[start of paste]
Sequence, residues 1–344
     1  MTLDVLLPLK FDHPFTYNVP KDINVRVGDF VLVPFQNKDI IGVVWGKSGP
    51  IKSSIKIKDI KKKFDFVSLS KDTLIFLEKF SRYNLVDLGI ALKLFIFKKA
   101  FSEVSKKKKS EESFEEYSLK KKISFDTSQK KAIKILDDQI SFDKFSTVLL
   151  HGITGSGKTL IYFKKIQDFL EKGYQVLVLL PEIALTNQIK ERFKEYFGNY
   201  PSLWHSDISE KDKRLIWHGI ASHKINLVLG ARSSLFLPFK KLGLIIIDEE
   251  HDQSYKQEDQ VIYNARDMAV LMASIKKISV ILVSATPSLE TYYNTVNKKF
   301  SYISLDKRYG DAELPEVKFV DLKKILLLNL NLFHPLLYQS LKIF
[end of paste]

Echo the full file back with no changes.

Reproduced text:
Sequence, residues 1–344
     1  MTLDVLLPLK FDHPFTYNVP KDINVRVGDF VLVPFQNKDI IGVVWGKSGP
    51  IKSSIKIKDI KKKFDFVSLS KDTLIFLEKF SRYNLVDLGI ALKLFIFKKA
   101  FSEVSKKKKS EESFEEYSLK KKISFDTSQK KAIKILDDQI SFDKFSTVLL
   151  HGITGSGKTL IYFKKIQDFL EKGYQVLVLL PEIALTNQIK ERFKEYFGNY
   201  PSLWHSDISE KDKRLIWHGI ASHKINLVLG ARSSLFLPFK KLGLIIIDEE
   251  HDQSYKQEDQ VIYNARDMAV LMASIKKISV ILVSATPSLE TYYNTVNKKF
   301  SYISLDKRYG DAELPEVKFV DLKKILLLNL NLFHPLLYQS LKIF